World Health Organization reconfirms KU research group as collaborating center

Tue, 04/16/2013

Contact

Karen Henry
Life Span Institute
785-864-0756

LAWRENCE — The University of Kansas’ Work Group for Community Health and Development has been redesignated as an official World Health Organization Collaborating Centre for Community Health and Development for another four years.

Stephen Fawcett, Kansas Health Foundation Distinguished Professor, and Jerry Schultz, associate director of the KU Work Group on Community Health and Development, will continue to direct the World Health Organization Collaborating Centre for Community Health and Development at KU.

“We are honored to continue in this extraordinary network of centers working to assure conditions for health and human development,” said Fawcett. “As a WHO Collaborating Centre, we have opportunities to learn and contribute with those who are working for health equity around the world.”

WHO originally selected the KU Work Group to be a collaborating center in 2004, joining a small group of centers with a similar mission in the Americas, including those at the University of Toronto, University of São Paulo and the U.S. Centers for Disease Control and Prevention.

A WHO collaborating center is designated by the WHO Director-General to be part of an international collaborative network to carry out activities in support of WHO’s mandate for promoting international health.

The KU Work Group will continue to work closely with the Pan American Health Organization (PAHO), one of WHO’s six regional offices. The primary objectives of the KU Collaborating Center are to expand the evidence base for health promotion efforts and to build capacity for community health and development globally using the resources of the KU Work Group’s online Community Tool Box (CTB).

The Community Tool Box is a free, public web site that distills decades of the Work Group’s research and practice to take groups – from grass-roots to government - through planning, implementation and evaluation of community health and development initiatives. The site houses more than 7,000 pages of resources that are used by more than 2.3 million users in 224 countries. Those resources include learning modules and training resources for building skills in community assessment, planning, intervention, evaluation, advocacy and sustainability.

In collaboration with PAHO, the CTB is now available in Spanish to help build capacity in the Americas. Site users can access in-depth support for developing a strategic or evaluation plan and can read case examples of culturally grounded work on issues such as promoting maternal and child health, nutrition, physical activity, and sanitation and water quality.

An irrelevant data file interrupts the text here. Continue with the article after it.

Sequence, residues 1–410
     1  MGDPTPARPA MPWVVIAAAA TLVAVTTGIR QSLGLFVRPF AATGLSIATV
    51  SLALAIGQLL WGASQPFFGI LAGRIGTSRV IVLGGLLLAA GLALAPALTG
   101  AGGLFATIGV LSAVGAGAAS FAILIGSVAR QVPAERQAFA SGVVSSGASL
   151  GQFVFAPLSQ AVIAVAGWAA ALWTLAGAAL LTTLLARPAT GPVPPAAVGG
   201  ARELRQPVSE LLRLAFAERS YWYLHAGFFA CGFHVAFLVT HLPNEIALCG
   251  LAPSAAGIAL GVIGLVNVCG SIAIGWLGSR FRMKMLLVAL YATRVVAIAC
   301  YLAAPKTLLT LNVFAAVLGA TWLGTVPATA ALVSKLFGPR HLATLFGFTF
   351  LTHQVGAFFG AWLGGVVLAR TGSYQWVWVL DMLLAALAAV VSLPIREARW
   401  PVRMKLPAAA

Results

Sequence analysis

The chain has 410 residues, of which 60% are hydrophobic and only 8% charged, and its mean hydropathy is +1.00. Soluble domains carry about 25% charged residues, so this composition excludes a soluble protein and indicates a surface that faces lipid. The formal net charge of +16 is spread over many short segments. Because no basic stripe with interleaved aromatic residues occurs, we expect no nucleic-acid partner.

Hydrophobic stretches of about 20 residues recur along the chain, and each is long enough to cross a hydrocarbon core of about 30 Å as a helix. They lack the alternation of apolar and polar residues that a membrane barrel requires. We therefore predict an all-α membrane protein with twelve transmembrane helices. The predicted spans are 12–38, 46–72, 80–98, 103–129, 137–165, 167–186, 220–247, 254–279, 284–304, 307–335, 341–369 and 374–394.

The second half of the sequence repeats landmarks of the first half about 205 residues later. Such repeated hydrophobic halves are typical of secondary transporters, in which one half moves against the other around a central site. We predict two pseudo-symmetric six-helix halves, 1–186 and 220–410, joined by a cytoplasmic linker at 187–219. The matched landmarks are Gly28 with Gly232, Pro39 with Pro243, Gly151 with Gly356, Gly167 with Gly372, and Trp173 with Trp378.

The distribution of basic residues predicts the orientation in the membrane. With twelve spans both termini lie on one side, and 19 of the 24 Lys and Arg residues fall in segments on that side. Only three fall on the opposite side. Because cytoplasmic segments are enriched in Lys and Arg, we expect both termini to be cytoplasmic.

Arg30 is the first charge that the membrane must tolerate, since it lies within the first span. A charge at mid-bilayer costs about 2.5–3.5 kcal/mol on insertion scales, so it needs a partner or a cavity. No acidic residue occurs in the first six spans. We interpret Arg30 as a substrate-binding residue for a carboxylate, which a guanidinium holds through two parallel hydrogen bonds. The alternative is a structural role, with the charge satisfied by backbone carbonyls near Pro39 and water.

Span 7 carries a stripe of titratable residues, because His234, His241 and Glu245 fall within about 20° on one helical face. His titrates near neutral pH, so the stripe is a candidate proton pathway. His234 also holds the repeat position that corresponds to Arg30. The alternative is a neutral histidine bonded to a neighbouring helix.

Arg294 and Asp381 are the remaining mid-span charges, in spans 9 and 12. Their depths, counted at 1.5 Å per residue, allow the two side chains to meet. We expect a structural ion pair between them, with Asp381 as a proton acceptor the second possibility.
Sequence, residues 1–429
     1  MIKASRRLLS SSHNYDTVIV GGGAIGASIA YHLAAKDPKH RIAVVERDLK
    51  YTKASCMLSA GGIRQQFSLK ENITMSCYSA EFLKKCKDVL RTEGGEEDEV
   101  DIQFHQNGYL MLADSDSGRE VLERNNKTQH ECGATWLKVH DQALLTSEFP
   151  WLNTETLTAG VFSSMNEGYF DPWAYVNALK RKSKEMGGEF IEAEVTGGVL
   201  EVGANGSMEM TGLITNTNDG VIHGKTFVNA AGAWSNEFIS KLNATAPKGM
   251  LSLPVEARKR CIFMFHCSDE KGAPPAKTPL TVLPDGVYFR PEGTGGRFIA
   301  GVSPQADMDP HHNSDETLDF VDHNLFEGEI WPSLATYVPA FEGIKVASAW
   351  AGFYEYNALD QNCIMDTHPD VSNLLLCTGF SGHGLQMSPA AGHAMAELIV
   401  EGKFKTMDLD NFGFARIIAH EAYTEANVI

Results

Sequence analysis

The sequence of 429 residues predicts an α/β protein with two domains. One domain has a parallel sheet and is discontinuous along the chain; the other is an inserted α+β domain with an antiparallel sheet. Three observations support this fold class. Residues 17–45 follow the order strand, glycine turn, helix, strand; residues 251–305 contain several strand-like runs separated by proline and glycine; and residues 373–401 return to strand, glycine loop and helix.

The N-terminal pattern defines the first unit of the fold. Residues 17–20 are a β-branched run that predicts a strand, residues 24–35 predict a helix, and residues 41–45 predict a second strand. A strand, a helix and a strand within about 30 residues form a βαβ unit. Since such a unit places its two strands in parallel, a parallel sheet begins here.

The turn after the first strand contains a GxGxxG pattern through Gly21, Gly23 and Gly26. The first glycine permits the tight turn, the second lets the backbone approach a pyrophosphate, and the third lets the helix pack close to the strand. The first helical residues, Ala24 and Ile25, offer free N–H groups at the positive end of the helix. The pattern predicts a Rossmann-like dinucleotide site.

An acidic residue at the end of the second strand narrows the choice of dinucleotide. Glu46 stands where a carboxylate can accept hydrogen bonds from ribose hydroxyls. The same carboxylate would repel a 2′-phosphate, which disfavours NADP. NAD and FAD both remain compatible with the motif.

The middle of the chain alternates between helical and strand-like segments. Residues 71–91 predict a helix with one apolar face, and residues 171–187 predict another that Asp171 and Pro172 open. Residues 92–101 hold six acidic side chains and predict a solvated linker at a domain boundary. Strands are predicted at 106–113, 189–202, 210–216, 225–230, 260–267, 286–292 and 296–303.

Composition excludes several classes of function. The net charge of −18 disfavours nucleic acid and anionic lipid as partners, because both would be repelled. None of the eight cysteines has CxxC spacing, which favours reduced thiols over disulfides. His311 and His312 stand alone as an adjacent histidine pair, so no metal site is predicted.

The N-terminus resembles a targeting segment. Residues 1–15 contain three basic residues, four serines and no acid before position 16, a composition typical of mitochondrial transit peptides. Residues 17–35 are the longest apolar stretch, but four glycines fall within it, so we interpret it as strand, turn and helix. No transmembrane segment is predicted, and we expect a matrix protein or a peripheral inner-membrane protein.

The Center is located at 4081 Dole Human Development Center on the KU Lawrence campus.



KU professor’s research finds link between depression and increased risk of death among U.S. adults 50 and older. Find out why: http://bit.ly/VjkCVh Tags: University of Kansas Medical Center #KUdiscoveries #KUresearch #Depression
#KUprof finds link between depression and increased risk of death in US adults 50 and older. http://t.co/FYTMXQcpXK #KUdiscoveries
KU student tricks monkey flower into growing protective ‘hair’ Thanks to a KU Undergraduate Research Award (see more at http://ugresearch.ku.edu/student/fund/ugra), Sukhindervir Sandhu, a KU junior in biochemistry, figured out which genetic button to push to get a monkey flower, or Mimulus guttatus, to grow protective trichomes, or plant hair. Sandhu was able to track it down to a gene called SKP-1. By silencing SKP-1, he discovered that gene regulates plant hair growth in monkey flowers.


One of 34 U.S. public institutions in the prestigious Association of American Universities
26 prestigious Rhodes Scholars — more than all other Kansas colleges combined
Nearly $290 million in financial aid annually
1 of 9 public universities with outstanding study abroad programs.
—U.S. News & World Report
46 nationally ranked graduate programs.
—U.S. News & World Report
Top 50 nationwide for size of library collection.
—ALA
$260.5 million in externally funded research expenditures
23rd nationwide for service to veterans —"Best for Vets," Military Times